The writing on the wall for Marody is becoming increasingly more obvious: he needs a strong bounce-back season to regain some legitimacy to his title as a prospect. If he can find more of a scoring element and continue to work on his two-way acumen, there's a gig for him as a quality depth player in the NHL for years to come. Benson needs to find an upper echelon to his AHL scoring in order to shed his doubters. Given this information and the misplacement of Quine and Griffith in the bottom-six, I would establish Bakersfield's top six as such:

Benson - Marody - Griffith
Gambardella - Quine - Russell

Is this optimal for prospect development? It depends on who you ask: it's very much setting up Benson and Marody for more offensive production, but it denies big minutes from McLeod and Lavoie. I don't necessarily think this is a problem. That entire second line is effectively the call-up squad: productive AHL veterans that the Oilers can rely on in a pinch without upsetting the Condor's ability to produce. The trio of Benson, Marody, and Griffith should be expected to operate at around a point-per-game pace. If Benson is going to build on his skillset and become more of a producing, complimentary winger, this is how it's going to happen. Same goes for Marody: he'd be expected to be the two-way glue for this line.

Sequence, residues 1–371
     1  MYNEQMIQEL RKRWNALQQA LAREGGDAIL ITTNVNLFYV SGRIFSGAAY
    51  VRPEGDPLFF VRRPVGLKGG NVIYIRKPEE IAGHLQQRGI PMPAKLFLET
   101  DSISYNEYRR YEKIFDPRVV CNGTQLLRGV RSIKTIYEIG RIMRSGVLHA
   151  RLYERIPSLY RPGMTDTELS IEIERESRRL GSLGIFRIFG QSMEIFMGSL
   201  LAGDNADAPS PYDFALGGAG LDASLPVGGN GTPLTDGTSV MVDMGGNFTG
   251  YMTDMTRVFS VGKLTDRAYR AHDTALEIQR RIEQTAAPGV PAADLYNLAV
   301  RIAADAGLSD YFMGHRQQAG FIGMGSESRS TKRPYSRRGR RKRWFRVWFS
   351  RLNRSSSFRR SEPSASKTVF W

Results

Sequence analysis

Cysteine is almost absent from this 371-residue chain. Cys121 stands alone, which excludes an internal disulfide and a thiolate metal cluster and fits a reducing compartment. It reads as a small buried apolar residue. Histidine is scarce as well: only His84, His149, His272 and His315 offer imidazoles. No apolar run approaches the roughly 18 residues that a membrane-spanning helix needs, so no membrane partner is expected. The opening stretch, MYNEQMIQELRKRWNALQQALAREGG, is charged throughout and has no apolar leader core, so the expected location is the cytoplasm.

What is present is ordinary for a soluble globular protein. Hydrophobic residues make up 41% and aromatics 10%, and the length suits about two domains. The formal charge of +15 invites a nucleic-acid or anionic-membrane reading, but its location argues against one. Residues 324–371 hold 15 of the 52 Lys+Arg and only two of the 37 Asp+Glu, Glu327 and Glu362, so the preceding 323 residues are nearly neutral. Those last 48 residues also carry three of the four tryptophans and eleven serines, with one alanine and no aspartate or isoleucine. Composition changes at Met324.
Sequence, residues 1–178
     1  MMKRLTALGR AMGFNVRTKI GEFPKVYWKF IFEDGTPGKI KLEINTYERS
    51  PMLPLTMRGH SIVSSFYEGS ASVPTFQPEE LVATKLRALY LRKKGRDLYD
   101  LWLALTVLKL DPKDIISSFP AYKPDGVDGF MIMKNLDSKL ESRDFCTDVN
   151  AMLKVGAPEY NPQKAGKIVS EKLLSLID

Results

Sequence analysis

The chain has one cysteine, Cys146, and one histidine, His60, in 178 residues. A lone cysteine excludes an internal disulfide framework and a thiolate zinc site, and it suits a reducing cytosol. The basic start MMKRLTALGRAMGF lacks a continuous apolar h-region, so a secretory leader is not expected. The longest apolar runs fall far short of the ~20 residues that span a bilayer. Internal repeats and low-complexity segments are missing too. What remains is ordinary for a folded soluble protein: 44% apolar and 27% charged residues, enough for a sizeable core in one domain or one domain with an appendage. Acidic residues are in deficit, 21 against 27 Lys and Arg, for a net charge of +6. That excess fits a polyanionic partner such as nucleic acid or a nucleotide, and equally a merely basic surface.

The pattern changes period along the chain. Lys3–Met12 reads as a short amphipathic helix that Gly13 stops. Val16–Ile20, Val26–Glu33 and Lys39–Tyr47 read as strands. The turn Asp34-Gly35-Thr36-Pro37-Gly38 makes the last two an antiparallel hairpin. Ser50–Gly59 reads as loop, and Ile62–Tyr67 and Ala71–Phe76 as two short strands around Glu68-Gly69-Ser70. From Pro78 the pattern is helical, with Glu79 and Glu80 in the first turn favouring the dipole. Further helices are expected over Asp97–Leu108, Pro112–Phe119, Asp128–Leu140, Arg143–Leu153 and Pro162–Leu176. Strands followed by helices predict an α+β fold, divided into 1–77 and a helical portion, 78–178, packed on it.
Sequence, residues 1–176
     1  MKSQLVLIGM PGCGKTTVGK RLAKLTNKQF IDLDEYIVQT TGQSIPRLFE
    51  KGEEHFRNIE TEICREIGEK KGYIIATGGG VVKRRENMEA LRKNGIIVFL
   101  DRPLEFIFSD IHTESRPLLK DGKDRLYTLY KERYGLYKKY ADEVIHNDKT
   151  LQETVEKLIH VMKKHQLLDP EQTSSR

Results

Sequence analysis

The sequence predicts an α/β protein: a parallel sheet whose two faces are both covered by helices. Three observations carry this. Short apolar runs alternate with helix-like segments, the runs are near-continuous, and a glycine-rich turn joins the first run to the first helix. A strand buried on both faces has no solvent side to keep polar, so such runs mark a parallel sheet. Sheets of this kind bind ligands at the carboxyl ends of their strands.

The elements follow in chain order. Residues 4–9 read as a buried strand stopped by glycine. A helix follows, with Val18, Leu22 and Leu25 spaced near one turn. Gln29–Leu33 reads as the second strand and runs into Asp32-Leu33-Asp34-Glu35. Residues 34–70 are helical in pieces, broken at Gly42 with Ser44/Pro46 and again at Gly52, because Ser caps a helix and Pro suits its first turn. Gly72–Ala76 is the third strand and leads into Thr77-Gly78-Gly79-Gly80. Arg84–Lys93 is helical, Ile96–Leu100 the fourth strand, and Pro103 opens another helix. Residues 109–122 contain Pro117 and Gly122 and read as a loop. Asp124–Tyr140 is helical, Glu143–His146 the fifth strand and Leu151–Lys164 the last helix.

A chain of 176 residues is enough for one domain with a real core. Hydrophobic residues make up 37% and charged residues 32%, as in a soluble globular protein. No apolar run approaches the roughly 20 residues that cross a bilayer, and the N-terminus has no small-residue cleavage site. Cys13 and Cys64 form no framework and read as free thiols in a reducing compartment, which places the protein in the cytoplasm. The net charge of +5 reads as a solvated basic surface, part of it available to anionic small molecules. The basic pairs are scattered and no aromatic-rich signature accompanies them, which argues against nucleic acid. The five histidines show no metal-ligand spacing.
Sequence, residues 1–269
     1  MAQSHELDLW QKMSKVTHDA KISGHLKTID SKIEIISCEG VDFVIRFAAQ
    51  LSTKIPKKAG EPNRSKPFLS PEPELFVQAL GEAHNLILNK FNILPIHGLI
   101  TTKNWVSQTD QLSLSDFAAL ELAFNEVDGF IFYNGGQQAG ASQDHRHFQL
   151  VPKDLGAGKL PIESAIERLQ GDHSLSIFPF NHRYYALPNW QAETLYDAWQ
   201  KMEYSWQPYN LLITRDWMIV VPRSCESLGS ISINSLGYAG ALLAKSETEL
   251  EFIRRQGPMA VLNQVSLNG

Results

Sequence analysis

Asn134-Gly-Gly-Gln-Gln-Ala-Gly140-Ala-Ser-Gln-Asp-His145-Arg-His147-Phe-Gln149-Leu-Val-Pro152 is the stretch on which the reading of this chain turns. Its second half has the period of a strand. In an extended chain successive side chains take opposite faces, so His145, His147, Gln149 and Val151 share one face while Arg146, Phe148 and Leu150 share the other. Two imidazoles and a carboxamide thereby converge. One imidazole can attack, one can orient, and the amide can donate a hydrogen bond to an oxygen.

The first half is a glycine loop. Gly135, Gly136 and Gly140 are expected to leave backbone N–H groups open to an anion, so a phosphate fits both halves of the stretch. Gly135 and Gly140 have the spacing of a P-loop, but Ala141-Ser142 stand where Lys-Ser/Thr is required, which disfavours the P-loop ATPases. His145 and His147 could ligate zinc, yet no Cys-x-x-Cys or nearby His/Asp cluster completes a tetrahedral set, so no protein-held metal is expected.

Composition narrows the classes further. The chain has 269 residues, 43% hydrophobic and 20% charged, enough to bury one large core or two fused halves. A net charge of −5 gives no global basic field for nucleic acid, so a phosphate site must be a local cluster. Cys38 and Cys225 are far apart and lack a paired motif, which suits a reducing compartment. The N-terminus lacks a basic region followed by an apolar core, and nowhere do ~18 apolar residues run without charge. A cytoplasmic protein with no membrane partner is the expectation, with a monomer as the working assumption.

I don't believe McLeod <em>needs</em> a ton of 5v5 minutes in the AHL in order to develop, but rather, I'd want to see him as the ultimate utility piece for the Condors: tons of PK time, some PP2 usage, extra man situations, and driving a line with more sheltered linemates. In a previous AGM I had Edmonton acquiring some LW depth for the AHL explicitly for McLeod to run-and-gun with. I also think this the more appropriate spot for Lavoie: his mission in the AHL is not to become a two-way player, but to adjust to the pace and style of professional hockey. I'd start him as the #3RW once the AHL assumes play, but graduate him up the lineup as he becomes more adapted. I'd love to see him claim the #1RW spot you've put him into, but in a 40ish game season, is he going to get there fast enough?